ike Maestro Leonard Bernstein guiding young people through the joys and intricacies of classical music two generations ago, Joey Weisenberg is a gentle, but no less passionate, tutor. He’s not teaching about the bravado of a bassoon or the timbre of a tympani, but rather giving would-be High Holiday prayer leaders an intimate tour of the wordless melodies and ancient modes of the Jewish liturgical tradition. It’s nigunim and nusach for a new generation, and with the latest video technology. And it’s a place where, if you get it right, prayer and musicality meet, the goal being what Weisenberg calls “spiritual artistry.” From a studio in a Philadelphia synagogue’s choir loft, outfitted in a billowy white shirt with a Nehru collar as casually stylish as Bernstein’s trademark turtleneck, Weisenberg is the picture of a hip ba’al tefillah, or prayer leader. His extensive library of master classes for those looking to lead High Holiday services, newly posted online, ranges far and wide. It moves from the bluesy feeling you get from a flatted seventh note to the emotional punch of a wordless Chassidic melody (nigun) to the beauty of Rosh Hashanah’s opening Amidah prayer to the majesty of the Ne’ilah service at the end of Yom Kippur “as the gates are closing,” he says. Called the “High Holidays Training Initiative,” Weisenberg, a leader in the movement to re-energize congregational singing and spirituality, has filmed 128 episodes (most run six or seven minutes) that amount to a curated trip through the entire arc of High Holidays davening. Along the way, there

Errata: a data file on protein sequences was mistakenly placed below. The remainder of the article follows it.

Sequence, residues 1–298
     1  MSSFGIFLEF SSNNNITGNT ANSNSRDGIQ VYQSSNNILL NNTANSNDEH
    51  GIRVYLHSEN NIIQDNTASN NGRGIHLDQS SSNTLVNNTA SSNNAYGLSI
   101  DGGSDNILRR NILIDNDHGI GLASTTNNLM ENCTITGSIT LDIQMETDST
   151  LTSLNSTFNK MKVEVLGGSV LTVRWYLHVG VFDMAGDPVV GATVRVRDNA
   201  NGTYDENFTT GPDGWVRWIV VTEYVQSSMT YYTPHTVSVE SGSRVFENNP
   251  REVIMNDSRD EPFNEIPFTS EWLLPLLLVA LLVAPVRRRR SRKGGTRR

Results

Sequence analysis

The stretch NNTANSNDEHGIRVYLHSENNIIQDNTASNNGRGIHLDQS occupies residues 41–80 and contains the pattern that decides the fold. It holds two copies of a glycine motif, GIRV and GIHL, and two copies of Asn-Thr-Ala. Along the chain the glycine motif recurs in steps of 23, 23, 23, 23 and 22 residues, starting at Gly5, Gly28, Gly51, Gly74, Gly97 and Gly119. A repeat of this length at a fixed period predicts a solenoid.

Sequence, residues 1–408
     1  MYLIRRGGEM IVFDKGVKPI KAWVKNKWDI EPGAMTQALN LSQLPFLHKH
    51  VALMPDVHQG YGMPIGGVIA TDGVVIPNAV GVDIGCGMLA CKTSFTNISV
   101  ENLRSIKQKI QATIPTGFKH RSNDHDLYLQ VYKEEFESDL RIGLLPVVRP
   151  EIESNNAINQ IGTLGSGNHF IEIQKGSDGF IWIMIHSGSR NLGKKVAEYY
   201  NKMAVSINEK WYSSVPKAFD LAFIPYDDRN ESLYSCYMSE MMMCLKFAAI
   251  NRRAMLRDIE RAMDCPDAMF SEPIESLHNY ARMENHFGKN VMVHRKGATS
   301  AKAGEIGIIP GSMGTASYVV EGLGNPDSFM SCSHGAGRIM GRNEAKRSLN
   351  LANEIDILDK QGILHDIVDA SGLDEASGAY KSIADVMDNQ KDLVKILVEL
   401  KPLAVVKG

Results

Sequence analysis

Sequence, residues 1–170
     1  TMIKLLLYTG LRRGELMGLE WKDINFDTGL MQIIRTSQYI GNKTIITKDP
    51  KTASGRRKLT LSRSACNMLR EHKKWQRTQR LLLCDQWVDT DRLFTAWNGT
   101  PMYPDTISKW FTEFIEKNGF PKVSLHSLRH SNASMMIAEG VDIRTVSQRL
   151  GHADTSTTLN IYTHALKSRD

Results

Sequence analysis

is also instruction in the scales and modes that define what Weisenberg refers to as “Nusach Ashkenaz in America.” A prayer leader will pick up hints about the “Freygish” and the “Ukrainian Dorian,” modal scales that give ancient chanting its distinctive musical flavor. If that prayer leader has an ear for jazz, he or she might find echoes of the modal jazz that defined the art form in its golden age in the 1950s and ‘60s. Weisenberg himself is something of an improviser. “Nusach is heavily modal,” he says. “Most of the time when people are davening, there are a confined set of notes. But in the singing you’re sliding in between the notes. Once you know the sound of the mode, you can improvise within it.” That tension between the fixed and the spontaneous — the dialogue between tradition, and the here and now — is central to Weisenberg’s musical and spiritual ethic. At 38, he’s an old soul, with a foot in the old world and one in the new. With a ready smile and wide Midwestern vowels courtesy of an upbringing in Milwaukee — where he soaked up the blues playing guitar and harmonica in the city’s clubs, and the soaring Chassidic chanting at Rabbi Michel Twerski’s renowned shul — Weisenberg is both a musician steeped in many strains of American music and a natural educator. The COVID-19 crisis, of course, has cramped his style. Weisenberg is used to being smack in the middle of a circle of singers or on a tightly packed stage next to fellow musicians with fiddles and banjos and lap-steel guitars in the Hadar Ensemble. But, like many creative types in these plague months, he sees a window opening. “Every time one thing gets shut down, something else opens